Modified Early Warning Score
Unified Theory of Acceptance and Use of Technology
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We gratefully acknowledge the contribution of the research assistants: Lidia Cosencova (LC), Liubov Zolotareva (LZ), and Émilie Daigle (ED). We thank all the participants to this study. We would like to recognize the contribution of our collaborators at the hospital: Mona Abou Sader, Isabelle Aumont, Denise Bédard, Marineh Carapetian, Isabelle Caron, Angelica Davantes, Cherry Flores, Peggy Lechasseur, Georgia Papadopoulos, Véronique Roger, and Cania Vincelli.
This study was funded by the McGill Nursing Collaborative for Education and Innovation in Patient- and Family-Centered Care. The sponsor did not influence the study design, data collection, data analysis, data interpretation, or writing of the manuscript. During the study, PL was a postdoctoral fellow at the William F. Connell School of Nursing at Boston College.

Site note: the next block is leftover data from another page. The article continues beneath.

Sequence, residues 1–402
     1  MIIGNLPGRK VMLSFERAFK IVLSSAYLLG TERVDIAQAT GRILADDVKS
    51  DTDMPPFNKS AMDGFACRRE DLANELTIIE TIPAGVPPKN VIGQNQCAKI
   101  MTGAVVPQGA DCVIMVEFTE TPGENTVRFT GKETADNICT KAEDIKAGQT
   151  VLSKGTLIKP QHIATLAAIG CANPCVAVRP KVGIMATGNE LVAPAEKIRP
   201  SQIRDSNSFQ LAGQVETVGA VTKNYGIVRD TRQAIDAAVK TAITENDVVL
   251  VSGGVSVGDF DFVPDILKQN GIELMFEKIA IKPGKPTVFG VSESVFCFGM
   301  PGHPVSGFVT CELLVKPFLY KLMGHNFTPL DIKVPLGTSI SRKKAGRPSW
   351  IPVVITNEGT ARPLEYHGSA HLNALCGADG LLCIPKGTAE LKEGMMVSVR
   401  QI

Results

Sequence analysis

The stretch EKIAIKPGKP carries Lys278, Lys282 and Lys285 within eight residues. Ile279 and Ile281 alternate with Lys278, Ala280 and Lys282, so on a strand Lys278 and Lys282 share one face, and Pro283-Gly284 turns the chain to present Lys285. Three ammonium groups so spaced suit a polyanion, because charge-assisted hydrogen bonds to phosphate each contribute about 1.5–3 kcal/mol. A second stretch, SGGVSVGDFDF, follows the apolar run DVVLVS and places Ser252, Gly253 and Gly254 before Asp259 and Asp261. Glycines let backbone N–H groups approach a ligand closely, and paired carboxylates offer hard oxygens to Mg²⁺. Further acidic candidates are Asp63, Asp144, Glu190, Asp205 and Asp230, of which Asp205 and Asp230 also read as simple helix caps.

Availability of data and materials
Portions of the datasets generated and/or analyzed during the current study are available from the corresponding author if part of reasonable requests.
Patrick Lavoie was a Postdoctoral Fellow, William F. Connell School of Nursing, Boston College, USA, at the time of the study. He currently is an Assistant Professor, Faculty of Nursing, Université de Montréal, Canada.
Sean Clarke is a Professor and Associate Dean for Undergraduate Programs, William F. Connell School of Nursing, Boston College, USA.
Christina Clausen is a Coordinator of professional development and knowledge translation initiatives in the Nursing Department at the Jewish General Hospital and a Faculty Lecturer at the Ingram School of Nursing, McGill University, Canada.